Donald Glover Shares the Advice He Gave Malia Obama While Mentoring Her: 'She Will Only Get to Do This Once'

The 'Swarm' co-creator speaks to 'GQ' about his production company, wanting diversity for media and mentoring Malia Obama.

Donald Glover is stepping into a new era of his career, one where he helps foster "the freshest entertainment and art" with Gilga, his new production company/incubator/cultural library. 

In an interview for GQ's first-ever Global Creativity Awards issue, Glover explains that the company is named after Gilgamesh, the mythic Mesopotamian hero who angered the gods. "Gilga is like Erewhon for culture," the 39-year-old tells the outlet, referring to the high-end California supermarket. "I want to work with the best people in every medium. To work toward sustainable output. The culture we're getting from our phones is not high quality. It can be really good sometimes. And fun. But not necessarily high quality. Gilga is the filter for all of that." 

The filmmaker shares that one of Gilga's first projects is a short film created by Malia Obama, whom Glover has been mentoring. 

"The first thing we did was talk about the fact that she will only get to do this once," he reveals. "You're [Barack] Obama's daughter. So if you make a bad film, it will follow you around."

It isn't the first time Glover and Obama worked on a project together -- the former first daughter made her TV writing debut on Glover and Janine Nabers' Prime Video series, Swarm

After first interning on the set of Girls and then working as a production assistant on the Halle Berry series Extant, Obama was recruited by Glover to be a staff writer on Swarm, which also included Stephen Glover, Ibra Ake, Jamal Olori, Kara Brown and Karen Joseph Adcock in the writers' room. 

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The show follows a young woman named Dre (Dominique Fishback), who goes on an increasingly violent journey following an unexpected trauma involving her sister, Marissa (Chloe Bailey), as she tries to get closer to her idol, the Houston-born singer Ni'Jah. 

And Obama's episode does not disappoint, with Nabers, who serves as the series showrunner, telling ET that "['Girl, Bye'] is probably one of the wildest episodes." She adds, "I think it's going to surprise a lot of people. It's pretty dope. I'm really proud of it."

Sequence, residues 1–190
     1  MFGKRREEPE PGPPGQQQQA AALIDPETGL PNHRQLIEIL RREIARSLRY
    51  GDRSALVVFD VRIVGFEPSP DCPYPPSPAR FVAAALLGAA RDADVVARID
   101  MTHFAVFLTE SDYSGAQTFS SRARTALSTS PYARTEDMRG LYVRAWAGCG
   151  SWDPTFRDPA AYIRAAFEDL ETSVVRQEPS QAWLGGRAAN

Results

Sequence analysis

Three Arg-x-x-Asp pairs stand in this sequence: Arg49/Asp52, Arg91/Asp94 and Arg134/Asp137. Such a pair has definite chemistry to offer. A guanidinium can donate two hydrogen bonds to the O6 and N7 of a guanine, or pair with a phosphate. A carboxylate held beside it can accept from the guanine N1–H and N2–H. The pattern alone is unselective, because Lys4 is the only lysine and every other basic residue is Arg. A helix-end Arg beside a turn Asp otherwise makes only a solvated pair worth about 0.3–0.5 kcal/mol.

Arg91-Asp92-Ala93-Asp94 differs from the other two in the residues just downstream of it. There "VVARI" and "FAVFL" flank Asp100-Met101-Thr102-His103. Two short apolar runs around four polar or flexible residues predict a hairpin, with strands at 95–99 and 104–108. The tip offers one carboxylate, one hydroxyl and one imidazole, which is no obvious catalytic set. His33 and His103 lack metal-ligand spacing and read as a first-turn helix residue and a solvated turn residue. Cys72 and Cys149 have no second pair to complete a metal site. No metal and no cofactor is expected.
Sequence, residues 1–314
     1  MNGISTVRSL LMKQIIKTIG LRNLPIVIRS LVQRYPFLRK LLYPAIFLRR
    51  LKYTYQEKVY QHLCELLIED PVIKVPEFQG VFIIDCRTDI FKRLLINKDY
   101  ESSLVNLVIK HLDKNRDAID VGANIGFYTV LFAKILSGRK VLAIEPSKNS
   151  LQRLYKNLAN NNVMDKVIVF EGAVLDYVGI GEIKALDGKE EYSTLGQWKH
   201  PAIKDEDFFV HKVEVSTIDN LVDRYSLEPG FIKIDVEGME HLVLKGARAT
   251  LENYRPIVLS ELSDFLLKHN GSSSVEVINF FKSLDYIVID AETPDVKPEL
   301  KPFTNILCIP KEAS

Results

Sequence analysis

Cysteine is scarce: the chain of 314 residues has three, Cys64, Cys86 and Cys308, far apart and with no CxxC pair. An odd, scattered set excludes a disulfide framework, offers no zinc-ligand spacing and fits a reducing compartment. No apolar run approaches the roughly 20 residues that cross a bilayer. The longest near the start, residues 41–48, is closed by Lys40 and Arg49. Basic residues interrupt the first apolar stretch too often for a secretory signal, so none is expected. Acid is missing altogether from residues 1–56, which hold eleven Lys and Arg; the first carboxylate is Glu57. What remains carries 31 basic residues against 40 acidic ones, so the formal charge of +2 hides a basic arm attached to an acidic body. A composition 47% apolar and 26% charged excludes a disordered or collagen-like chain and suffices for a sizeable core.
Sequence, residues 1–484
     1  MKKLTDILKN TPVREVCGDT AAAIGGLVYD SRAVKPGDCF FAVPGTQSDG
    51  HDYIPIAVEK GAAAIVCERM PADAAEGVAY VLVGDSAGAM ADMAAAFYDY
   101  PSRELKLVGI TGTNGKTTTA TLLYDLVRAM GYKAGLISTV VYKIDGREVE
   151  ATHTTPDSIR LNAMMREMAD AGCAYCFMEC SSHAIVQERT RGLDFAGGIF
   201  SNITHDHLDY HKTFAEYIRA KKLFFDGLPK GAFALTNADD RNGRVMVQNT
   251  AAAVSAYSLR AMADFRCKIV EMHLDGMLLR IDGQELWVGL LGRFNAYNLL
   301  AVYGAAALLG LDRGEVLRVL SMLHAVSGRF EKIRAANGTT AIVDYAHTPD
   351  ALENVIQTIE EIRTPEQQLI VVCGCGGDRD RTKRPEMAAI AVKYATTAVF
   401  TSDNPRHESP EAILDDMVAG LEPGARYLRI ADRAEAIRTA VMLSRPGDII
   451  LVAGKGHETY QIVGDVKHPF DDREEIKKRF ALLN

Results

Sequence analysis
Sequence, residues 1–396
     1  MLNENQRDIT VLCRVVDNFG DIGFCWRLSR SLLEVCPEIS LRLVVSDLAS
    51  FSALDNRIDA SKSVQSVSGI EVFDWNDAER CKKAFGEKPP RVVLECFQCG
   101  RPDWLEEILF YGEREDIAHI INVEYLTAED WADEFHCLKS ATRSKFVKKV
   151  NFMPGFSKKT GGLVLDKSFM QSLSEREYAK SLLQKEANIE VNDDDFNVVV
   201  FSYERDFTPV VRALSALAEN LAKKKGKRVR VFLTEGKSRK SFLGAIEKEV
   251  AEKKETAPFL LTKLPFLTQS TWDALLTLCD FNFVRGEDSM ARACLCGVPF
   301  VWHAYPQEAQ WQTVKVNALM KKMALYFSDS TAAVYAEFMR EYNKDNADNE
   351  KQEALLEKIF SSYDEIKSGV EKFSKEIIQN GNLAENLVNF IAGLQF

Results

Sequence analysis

"Girl, Bye," which features a teleplay co-written by Nabers and Obama based on a story by Nabers and Ake, comes just past the halfway point as the wildly fascinating series continues to become more and more twisted with each one of Dre's encounters with people that come across her path.   

"Some of her pitches were wild as hell, and they were just so good and so funny," Nabers said of the 24-year-old former first daughter. "She's an incredible writer. She brought a lot to the table… She's really, really dedicated to her craft."

"She's just, like, an amazingly talented person," Glover told Vanity Fair of Obama last year, adding that "she's really focused, and she's working really hard." Not only that, but he was in awe of her work. "I feel like she's just somebody who's gonna have really good things coming soon... Her writing style is great," he said. 

"It was like a family," Nabers said to ET, referring to how Obama "just folded into [the group]." The showrunner adds, "I'm really excited for everyone to get to know her work, and the work of the writers on a show." 

Obama also made an impression on Fishback and Bailey, both of whom gushed about working with her on set. "It was nice to know that she was going to be on it and that we had different voices and different generations involved in making the show," Fishback said, adding, "It was pretty cool to meet her. I think she's dope." 

For Bailey, the series marked a reunion of sorts. "It was always so fun and exciting getting to run into Malia and Sasha years prior… So, having that relationship with Mrs. Obama and getting to meet her daughters, I was always so honored and they always felt like my family in my head," the singer-actress said. 

"So, getting to see Malia now, us both growing into who we are as young women and making our own mark, her as an incredible writer and me making my mark as an entertainer and an actress, it was really fun," Bailey beamed. "I was just so excited when I actually got to see her on set. I'm just so proud of her."